Ipswich: Town’s growth set to continue – but better education needed to reach potential

The state of Ipswich was outlined at the conference. The state of Ipswich was outlined at the conference.

Saturday, June 28, 2014
12:11 PM

Ipswich has low unemployment and is one of the most affordable places to live in Britain – but the poor standard of education probably contributes to it having one of the lowest average wages of any town in the country.

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That is one of the key findings of the State of Ipswich 2014 report which was discussed at a conference hosted by University Campus Suffolk.

Statistical data about the town has been gathered by the borough council and was presented to a meeting of business leaders, academics, and local politicians from the town.

The population growth of Ipswich between the 2001 and 2011 was nearly 14% – ahead of regional trends and statistically similar cities like Exeter and Gloucester.

If the current trend continues, by 2021 the population of Ipswich borough will be 151,000 – and that does not include urban areas like Rushmere, Kesgrave and Pinewood, which are seen as effectively part of the town.

A presentation by Tibbs Pinter of Ipswich Borough Council demonstrated the importance of Ipswich to the economy of Suffolk as a whole.

The Ipswich “built-up area”, which includes Pinewood and some of the new homes to the east of the town’s boundary, has a population of 145,000 – more than twice the size of Lowestoft and almost four times the size of Bury St Edmunds.

Individual council wards in Ipswich have much larger populations than some significant Suffolk towns like Leiston, Halesworth, Bungay and Needham Market.

Social research data shows that Ipswich has fewer “wealthy achievers” than the rest of Suffolk, but it has a higher proportion of the population classed as “comfortably off” than any district, apart from Forest Heath in the north west of the county.

The average gross pay for full-time workers in Ipswich was £23,686, but this hid a significant variation between the genders – men averaged £28,340 while women averaged £20,488 for full-time work.

Ipswich also had 25% of workers earning below the “living wage” level of £7.65 an hour.

Again, there was a difference between the genders with 18% of men earning below this figure but 32% of women below that line.

Mr Pinter pointed out that this difference in wages was in spite of the fact that girls did much better than boys at school.

Andrew Carter from the Centre for Cities think tank said Ipswich came 58th out of 60 cities for the number of people with GCSEs – and was 54th out of 64 when it came to average wages.

The good news was that homes are relatively affordable. The average home in Ipswich costs £154,000, about seven times the average wage. The lowest figure in the country is Wigan where the average home costs five times the average wage.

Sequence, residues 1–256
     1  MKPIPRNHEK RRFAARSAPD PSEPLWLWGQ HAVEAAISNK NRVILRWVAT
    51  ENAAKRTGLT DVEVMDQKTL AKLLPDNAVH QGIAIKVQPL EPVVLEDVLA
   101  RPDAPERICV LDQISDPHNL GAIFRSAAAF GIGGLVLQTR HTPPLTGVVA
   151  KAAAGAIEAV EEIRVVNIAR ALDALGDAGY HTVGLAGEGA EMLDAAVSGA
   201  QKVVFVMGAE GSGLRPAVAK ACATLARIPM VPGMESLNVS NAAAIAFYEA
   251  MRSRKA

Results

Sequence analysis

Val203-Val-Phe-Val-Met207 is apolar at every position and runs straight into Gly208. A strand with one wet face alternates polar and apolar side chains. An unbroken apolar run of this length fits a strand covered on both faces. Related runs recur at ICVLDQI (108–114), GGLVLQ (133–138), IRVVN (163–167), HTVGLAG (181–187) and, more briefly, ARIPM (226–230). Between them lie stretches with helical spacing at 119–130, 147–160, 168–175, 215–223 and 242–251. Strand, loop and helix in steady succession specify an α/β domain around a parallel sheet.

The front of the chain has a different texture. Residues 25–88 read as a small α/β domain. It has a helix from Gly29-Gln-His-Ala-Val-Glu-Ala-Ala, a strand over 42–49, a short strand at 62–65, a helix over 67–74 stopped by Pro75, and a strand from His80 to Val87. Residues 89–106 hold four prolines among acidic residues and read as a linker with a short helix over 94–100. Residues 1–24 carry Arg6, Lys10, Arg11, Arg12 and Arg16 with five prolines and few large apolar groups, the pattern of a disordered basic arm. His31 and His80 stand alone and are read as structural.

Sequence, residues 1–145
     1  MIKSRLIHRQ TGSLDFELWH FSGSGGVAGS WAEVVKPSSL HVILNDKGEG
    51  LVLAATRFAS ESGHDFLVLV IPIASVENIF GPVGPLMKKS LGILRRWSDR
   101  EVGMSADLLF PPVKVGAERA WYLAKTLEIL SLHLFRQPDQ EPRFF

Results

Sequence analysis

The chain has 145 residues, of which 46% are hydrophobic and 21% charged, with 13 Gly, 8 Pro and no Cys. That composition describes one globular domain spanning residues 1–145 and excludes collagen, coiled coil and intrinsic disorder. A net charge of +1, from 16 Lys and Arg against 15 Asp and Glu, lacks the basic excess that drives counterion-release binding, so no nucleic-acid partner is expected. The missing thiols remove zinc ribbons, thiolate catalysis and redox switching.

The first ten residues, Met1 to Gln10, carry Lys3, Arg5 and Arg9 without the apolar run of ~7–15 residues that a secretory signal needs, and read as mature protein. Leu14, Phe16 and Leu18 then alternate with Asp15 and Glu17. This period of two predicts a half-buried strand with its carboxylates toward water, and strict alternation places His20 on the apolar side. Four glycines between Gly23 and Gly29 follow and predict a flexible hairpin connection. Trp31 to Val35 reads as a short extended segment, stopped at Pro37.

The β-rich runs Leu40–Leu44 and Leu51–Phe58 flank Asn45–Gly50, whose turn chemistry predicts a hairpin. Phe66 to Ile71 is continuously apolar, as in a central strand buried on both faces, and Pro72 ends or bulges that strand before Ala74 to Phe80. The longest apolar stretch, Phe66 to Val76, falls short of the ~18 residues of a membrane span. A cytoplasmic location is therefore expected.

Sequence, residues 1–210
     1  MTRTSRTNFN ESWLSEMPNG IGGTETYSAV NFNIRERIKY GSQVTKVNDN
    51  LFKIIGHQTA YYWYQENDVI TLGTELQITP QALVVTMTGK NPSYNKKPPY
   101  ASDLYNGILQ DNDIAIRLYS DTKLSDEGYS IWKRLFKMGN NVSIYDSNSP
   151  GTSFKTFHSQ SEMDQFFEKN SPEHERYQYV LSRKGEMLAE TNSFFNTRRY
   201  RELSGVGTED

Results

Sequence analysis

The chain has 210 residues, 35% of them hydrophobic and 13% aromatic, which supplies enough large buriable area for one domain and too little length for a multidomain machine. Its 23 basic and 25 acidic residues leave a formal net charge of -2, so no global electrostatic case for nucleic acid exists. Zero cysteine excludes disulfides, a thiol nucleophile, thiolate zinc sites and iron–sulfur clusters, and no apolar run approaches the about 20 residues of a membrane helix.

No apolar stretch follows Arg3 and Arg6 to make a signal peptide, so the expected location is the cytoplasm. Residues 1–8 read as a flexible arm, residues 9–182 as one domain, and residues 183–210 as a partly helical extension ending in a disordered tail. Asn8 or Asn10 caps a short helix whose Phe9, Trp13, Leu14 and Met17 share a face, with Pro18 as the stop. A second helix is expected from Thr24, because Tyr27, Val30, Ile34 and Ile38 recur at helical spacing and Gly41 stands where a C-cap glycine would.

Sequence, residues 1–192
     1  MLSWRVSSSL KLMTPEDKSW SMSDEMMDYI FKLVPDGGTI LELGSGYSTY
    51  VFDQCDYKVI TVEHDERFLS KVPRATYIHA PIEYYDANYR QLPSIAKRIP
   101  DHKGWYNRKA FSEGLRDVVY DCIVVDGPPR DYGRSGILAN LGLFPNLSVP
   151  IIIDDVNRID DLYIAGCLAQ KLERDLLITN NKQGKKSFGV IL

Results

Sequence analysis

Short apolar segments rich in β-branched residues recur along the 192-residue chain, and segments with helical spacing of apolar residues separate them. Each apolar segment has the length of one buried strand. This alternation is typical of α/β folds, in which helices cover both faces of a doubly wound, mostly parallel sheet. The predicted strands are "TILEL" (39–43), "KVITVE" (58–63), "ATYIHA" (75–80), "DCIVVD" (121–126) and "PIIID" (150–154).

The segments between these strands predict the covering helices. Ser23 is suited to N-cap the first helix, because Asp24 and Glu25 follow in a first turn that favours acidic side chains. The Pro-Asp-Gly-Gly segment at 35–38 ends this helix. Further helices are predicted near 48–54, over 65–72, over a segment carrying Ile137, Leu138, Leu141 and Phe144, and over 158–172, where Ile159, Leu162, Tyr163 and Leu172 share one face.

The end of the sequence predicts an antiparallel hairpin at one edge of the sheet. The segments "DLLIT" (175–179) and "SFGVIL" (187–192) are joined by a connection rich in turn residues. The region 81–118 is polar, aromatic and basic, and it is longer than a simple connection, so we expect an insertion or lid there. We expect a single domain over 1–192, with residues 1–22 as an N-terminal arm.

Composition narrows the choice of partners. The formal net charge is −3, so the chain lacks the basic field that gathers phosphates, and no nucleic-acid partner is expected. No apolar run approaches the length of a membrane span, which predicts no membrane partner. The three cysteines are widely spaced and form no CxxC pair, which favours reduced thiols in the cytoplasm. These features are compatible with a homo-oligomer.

In Oxford and London the average home costs 14 and 15 times the average wage.

15 comments

  • How much time and money did the Borough Council and Mr Pinter waste collating a load of readily available statistics and then reading it out to a captive audience. As some have commented here it's blindingly obvious to anyone that there aren't enough good, well-paid, jobs in the local or national economy. Wages are suppressed by greedy businesses and the UK is only training people to serve coffee or work on checkouts for pay that is well below a living wage. Statisticians and politicians pontificating about league tables and population growth is just so much useless hot air.

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    skrich

    Sunday, June 29, 2014

  • education needed . is that for ll the none speaking English people to help them speak English. what about people who lived here for all there lives do we get help to speak there language. to help us understand them

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    Lee mundy

    Sunday, June 29, 2014

  • My friend is from Martlesham. If someone asked him where he was from he would say Ipswich, not Martlesham. Boundaries are a political entity. London started off as a number of seperate villages on the Thames, but for political reasons is now one city. Fast forward another couple of decades and all you village NIMBY'S in Martlesham, Rushmere, Westerield and Westerfield will be part of a super, unitary, urban greater Ipswich. As much as you may be outraged by this perceived apocolypse, there is no escape from this monster, so bin your pitch forks, scrap your Ford Cortina's, embrace it and join the 21st Century. You never know, you might benefit from it.